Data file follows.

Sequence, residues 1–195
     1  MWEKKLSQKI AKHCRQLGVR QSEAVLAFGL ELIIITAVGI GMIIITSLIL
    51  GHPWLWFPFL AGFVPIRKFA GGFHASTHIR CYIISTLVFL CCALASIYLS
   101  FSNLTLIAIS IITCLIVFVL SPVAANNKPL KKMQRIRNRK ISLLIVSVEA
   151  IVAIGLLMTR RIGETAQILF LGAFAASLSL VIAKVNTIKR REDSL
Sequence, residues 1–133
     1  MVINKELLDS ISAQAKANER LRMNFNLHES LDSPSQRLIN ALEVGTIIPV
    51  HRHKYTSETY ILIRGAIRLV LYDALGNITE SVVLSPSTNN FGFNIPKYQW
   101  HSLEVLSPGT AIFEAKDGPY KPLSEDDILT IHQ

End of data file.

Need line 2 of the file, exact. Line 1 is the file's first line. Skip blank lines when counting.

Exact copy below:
     1  MWEKKLSQKI AKHCRQLGVR QSEAVLAFGL ELIIITAVGI GMIIITSLIL